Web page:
Well, I’d like to say I was on safari or in some exotic locale like one of Jupiter’s moons, but in truth I’ve been working. Very hard. In a way you can say I’ve been many places in my head, and to be honest it’s not a bad way to travel. For one, you don’t really need any new clothes. There’s no need for innoculations or translating gadgetry of any sort, either. You are allowed only a certain amount of baggage, however, so you need to pack intelligently––or unintelligently, I suppose, as long as its funny.
Which is a perfect segue to talk about my most recently completed screenplay titled Shelf Life. Instead of just explaining what it’s about––and since I’m finding it nary impossible to stop working––let’s make this an exercise with results I can actually use. I’m going to try a few loglines and y’all tell me which one you think sounds the best.
Okay, first one:
When tragedy strikes the young lead singer of fledgling hardcore band Dead Jester, its aging members begin to drop like flies––leaving lead guitarist and perpetual wheel-spinner Scott “The Kid” Gianoffrio to make a huge life decision: patch things up with his fiance and grow up, or hang on to his pipe dream until it takes him under for good. When the bitter girlfriend of the dead singer begins to pester his existence, a new choice emerges: allow her noxious personality to finish him off, or open his mind to what could be his last chance to shine.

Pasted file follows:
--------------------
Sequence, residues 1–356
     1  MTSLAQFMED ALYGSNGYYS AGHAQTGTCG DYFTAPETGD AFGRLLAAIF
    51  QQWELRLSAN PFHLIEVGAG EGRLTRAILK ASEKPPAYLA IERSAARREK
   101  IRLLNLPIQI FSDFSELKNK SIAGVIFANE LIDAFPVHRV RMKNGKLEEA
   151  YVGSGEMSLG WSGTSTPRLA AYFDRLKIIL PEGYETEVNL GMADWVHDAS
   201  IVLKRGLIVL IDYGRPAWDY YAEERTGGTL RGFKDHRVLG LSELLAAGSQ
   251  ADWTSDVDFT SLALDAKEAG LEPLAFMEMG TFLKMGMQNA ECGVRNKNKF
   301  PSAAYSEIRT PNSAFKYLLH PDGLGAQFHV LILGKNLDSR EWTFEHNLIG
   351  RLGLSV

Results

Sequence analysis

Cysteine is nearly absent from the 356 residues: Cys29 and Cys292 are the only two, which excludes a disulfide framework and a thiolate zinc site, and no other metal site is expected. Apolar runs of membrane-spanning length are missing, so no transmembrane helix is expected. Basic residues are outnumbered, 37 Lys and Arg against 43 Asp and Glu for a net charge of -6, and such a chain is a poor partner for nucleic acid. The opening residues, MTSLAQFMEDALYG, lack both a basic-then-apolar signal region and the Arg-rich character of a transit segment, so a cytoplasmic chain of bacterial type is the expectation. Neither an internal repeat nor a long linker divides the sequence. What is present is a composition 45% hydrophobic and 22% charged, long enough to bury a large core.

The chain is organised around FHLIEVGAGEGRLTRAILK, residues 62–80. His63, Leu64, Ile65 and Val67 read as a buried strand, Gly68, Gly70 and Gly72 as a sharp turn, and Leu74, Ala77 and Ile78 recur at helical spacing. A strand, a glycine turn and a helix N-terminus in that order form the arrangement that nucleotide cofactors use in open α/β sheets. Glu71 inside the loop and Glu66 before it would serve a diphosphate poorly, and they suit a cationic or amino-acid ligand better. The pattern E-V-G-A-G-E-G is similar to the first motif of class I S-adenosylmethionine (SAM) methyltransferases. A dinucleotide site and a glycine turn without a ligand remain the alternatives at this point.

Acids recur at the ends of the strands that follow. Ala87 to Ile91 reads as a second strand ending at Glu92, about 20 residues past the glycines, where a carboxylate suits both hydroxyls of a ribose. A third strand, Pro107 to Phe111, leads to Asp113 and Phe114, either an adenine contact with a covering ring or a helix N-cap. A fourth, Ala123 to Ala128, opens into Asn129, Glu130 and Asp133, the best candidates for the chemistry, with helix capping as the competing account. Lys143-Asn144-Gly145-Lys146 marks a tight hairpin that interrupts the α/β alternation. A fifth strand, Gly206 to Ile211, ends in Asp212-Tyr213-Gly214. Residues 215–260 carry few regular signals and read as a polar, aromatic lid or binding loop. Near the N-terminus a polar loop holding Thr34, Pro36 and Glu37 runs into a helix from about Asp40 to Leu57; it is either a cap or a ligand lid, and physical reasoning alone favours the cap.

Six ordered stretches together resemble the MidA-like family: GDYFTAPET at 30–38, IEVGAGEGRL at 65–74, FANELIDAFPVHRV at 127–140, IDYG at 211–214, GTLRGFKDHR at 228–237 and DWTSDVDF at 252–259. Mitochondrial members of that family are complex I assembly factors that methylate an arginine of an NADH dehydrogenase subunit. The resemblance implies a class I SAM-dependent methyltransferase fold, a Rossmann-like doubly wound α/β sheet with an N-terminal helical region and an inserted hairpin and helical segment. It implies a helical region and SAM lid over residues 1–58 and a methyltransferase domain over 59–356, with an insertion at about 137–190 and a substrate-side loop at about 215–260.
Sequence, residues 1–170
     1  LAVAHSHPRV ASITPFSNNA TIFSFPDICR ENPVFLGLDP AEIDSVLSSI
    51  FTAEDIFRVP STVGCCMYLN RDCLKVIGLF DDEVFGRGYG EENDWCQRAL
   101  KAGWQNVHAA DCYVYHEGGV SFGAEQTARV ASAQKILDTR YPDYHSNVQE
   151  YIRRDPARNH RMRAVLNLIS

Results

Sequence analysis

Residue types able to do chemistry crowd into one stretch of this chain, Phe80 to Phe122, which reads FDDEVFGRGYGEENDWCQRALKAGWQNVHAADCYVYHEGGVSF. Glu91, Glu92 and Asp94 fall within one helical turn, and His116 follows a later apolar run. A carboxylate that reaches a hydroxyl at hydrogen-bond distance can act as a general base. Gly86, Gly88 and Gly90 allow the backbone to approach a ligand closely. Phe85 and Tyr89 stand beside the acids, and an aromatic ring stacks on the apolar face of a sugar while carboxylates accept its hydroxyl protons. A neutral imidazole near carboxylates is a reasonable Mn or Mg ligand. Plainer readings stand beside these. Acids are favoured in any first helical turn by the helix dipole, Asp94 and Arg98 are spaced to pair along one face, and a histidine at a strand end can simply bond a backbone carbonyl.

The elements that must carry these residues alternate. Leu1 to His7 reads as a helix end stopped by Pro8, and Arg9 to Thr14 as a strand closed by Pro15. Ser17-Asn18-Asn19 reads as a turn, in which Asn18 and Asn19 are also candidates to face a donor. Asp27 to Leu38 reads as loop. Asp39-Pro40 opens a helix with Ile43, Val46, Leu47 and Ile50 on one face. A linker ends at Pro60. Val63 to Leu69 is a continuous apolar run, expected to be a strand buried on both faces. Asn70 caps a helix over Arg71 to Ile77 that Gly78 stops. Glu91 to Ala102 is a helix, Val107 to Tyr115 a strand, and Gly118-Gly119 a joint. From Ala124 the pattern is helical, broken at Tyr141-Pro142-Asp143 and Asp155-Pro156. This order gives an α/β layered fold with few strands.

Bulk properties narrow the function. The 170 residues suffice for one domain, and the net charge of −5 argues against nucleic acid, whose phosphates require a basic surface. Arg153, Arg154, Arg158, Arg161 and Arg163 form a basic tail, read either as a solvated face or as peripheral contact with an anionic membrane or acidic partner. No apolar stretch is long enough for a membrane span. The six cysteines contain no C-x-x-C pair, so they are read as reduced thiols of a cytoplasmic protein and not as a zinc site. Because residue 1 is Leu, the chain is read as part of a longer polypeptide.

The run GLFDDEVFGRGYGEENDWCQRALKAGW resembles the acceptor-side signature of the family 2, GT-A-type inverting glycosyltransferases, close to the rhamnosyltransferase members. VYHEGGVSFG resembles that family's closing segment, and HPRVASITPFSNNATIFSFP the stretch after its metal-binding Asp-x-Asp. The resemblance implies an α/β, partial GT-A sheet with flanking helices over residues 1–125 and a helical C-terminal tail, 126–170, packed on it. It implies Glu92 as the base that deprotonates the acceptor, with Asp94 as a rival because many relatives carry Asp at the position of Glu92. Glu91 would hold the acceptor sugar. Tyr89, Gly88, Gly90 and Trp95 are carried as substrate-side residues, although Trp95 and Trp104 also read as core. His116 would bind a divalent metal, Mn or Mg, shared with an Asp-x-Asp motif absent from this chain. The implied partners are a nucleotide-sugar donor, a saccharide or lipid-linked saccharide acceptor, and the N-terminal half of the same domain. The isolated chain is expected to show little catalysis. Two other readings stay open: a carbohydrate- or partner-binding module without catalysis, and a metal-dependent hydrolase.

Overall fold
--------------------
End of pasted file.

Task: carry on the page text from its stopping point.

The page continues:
Not too bad. But as far as loglines are concerned, they’re the only thing Hollywood doesn’t like to be too long. Another go:
Aging rocker Scott “The Kid” Gianoffrio watches his dream and fiance slip away after the young, lead singer of his band is tragicially killed. Will the dead singer’s blameful and bitter ex drive him over the edge forever, or could she possibly be the key for one last shot at the stage?
Okay, it can’t get much shorter than that, can it?
When an aging rocker loses his lead singer, his life and dreams go into the toilet. Will the singer’s bitter ex flush him away, or could she prove to be his rocking salvation?
That one discards a lot of info that may not sell the heart of the story, which if I’m being honest, is more of a romantic comedy than the hilarious send-up of garage bands that I intended it to be. As you can see, these things can be tweaked to appeal to different market mindsets, and the daunting reality is that, whatever decision you make, that’s the one that sticks forever. You get one shot at an agent per project, so it’s best to choose your pitch––and where you send it––very carefully.
That’s all for now. I’ve got other stuff stored up for other entries, so check back. Lastly, your perspective video of the week. Maybe it’s just me, but every time I watch it I feel calm and strangely innocent. Enjoy.